The saying "breakfast is the most important meal of the day" may not be entirely true, but breakfast is certainly important when it comes to building muscle. A large breakfast packed with protein and complex carbs is a key feature in any muscle-building plan, according to trainer Greg Merrit and sports scientist Jim Stoppani. Tailor your breakfast for super gains in size and strength.
Shake and Go
When you don't have time for a big breakfast, a super shake can fit the bill, says trainer Nate Green. Green suggests combining spinach, bananas, almond milk, protein powder and a big spoonful of almond or peanut butter in a blender. For more calories, add nuts and seeds or some nut oil, along with more fruit.
Start With Eggs
One single egg contains about 6 grams of high-quality protein -- an essential component of building muscle -- notes dietitian Diane Welland. Keep things simple and serve eggs scrambled or boiled with some whole-wheat toast. Or make a frittata with cheese and veggies, such as mushrooms, peppers and asparagus. Or whip up eggs Benedict by poaching eggs and serving them on an English muffin with spinach, lean ham and Hollandaise sauce.
If you thought oatmeal was a boring breakfast food, think again. Oats are a staple in many bodybuilders' diets, as they provide slow-digesting, complex carbs, which help keep energy levels high. One cup of dry oatmeal, which makes about 2 cups cooked, contains 307 muscle-building calories. Cook your oats with water or milk, then up the protein and calorie content by mixing in protein powder, peanut butter, or chopped pecans, cashews or other nuts.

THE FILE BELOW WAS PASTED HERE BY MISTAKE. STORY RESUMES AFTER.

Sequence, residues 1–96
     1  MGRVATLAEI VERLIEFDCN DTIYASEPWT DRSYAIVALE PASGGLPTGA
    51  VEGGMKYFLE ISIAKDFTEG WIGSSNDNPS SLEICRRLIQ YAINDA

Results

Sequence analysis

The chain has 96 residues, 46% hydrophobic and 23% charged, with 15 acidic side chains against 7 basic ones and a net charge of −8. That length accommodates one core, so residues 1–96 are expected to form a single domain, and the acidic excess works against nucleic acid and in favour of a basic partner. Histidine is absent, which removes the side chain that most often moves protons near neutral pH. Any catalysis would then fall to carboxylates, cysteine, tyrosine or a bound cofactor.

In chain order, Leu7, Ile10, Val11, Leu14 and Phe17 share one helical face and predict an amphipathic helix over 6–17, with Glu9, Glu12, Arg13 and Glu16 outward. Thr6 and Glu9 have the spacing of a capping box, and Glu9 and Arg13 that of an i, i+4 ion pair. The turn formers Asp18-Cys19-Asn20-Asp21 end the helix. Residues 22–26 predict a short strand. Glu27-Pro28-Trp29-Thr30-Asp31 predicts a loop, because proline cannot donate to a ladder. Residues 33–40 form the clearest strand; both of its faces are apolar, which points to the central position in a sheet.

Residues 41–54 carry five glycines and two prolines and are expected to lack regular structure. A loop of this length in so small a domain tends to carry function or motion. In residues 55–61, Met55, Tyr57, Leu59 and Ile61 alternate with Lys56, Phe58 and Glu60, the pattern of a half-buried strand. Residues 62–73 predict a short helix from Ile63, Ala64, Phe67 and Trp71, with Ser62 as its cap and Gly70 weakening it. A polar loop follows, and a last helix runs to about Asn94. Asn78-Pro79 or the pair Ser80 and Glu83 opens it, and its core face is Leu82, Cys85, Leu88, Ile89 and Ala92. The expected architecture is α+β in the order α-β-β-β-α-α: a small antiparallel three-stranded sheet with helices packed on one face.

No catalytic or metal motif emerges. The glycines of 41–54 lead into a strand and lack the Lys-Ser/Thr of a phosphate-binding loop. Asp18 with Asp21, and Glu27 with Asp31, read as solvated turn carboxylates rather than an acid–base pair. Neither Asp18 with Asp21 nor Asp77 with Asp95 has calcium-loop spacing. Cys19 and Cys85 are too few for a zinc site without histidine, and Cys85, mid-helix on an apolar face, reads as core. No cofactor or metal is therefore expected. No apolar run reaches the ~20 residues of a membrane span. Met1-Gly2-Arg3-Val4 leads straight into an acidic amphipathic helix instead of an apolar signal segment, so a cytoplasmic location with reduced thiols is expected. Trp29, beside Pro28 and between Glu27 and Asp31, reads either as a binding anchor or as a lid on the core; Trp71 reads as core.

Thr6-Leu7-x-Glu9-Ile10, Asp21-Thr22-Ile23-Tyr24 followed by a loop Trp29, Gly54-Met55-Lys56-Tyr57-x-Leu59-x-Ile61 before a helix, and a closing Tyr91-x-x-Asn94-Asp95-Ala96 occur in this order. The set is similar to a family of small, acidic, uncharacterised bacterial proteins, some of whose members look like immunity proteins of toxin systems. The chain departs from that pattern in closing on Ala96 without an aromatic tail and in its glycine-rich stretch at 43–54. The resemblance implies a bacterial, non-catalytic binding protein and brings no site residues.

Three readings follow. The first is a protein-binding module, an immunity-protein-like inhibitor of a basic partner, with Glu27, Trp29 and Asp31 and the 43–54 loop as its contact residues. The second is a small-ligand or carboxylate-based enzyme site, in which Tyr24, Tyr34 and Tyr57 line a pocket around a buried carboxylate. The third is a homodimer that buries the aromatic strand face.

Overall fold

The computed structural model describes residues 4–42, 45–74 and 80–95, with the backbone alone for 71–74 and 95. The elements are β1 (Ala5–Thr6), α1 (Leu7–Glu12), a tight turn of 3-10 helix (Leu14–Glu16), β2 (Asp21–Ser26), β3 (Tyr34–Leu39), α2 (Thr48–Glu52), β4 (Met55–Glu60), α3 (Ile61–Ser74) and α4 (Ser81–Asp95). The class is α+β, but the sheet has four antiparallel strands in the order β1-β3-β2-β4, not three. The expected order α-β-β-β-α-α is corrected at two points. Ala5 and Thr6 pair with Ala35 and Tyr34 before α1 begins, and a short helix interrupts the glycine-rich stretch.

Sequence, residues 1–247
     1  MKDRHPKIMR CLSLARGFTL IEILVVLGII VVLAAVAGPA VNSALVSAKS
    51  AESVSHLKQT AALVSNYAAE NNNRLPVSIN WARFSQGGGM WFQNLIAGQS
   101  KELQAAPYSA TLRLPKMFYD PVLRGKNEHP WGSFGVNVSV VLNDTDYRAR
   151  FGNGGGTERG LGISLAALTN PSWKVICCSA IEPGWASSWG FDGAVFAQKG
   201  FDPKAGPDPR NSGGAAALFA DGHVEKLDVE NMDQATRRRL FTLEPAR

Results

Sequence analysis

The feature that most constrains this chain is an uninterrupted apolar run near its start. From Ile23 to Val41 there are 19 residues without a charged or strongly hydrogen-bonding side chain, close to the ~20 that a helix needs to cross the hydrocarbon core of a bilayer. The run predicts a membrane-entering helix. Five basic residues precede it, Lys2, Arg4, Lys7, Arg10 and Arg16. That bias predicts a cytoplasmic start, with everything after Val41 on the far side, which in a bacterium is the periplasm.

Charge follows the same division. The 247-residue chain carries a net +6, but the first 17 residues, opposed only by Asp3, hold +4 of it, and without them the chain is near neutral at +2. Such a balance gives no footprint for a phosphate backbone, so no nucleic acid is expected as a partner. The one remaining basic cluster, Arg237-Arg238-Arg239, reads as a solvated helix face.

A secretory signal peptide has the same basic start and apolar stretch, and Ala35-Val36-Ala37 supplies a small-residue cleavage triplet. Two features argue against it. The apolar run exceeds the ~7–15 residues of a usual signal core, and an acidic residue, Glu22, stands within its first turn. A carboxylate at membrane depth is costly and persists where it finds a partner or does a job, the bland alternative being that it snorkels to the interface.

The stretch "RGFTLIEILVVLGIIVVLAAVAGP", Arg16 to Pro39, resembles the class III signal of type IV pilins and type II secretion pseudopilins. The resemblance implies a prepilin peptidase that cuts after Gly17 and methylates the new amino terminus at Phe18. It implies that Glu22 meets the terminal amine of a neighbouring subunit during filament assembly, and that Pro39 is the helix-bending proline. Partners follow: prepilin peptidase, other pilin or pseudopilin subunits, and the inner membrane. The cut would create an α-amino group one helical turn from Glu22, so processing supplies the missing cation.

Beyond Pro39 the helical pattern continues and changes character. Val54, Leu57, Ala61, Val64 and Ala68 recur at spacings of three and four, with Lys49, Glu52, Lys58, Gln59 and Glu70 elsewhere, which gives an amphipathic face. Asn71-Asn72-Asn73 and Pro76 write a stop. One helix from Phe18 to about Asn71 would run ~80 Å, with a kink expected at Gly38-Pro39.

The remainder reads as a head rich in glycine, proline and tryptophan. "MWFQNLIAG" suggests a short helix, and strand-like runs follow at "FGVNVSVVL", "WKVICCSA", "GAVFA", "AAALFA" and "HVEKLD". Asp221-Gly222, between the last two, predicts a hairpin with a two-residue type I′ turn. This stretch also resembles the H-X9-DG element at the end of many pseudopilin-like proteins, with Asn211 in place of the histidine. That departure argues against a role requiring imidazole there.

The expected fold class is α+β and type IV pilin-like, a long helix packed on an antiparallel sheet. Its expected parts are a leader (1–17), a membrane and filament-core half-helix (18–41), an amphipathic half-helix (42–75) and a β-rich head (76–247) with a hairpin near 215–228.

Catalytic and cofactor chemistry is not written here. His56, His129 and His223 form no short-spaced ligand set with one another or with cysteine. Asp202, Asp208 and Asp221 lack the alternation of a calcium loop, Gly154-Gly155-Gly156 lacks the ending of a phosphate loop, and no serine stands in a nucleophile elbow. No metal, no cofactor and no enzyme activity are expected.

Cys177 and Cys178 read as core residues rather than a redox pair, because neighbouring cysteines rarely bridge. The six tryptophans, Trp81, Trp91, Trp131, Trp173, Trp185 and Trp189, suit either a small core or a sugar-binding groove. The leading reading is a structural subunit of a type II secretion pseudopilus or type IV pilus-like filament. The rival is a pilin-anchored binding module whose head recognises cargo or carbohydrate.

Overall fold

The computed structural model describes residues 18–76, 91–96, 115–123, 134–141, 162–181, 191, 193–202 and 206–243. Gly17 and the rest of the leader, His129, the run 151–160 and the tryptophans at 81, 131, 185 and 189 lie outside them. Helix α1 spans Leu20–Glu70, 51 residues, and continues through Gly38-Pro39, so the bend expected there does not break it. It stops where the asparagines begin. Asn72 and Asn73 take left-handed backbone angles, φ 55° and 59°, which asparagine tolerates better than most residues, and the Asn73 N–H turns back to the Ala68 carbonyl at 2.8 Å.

Experiment with recipes at breakfast, but make sure your meal contains protein and carbohydrate. Ensure that your breakfast fits in with the rest of your day's nutrition. You need about 20 calories per pound of body weight each day to gain muscle, according to Stoppani, and these calories should be distributed evenly throughout the day. For example, a 150-pound person needs 3,000 calories per day. If you're eating five meals per day, that means 600 calories at each -- so a 600-calorie breakfast is in order.
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- Today's Dietitian: Sunny Side Up — Eggs Can Be a Part of a Healthy Diet
- United States Department of Agriculture: Cereal, Oats, Regular and Quick, Not Fortified, Dry
- Muscle & Fitness: Muscle Food: 10 Nutrition Rules to Build Muscle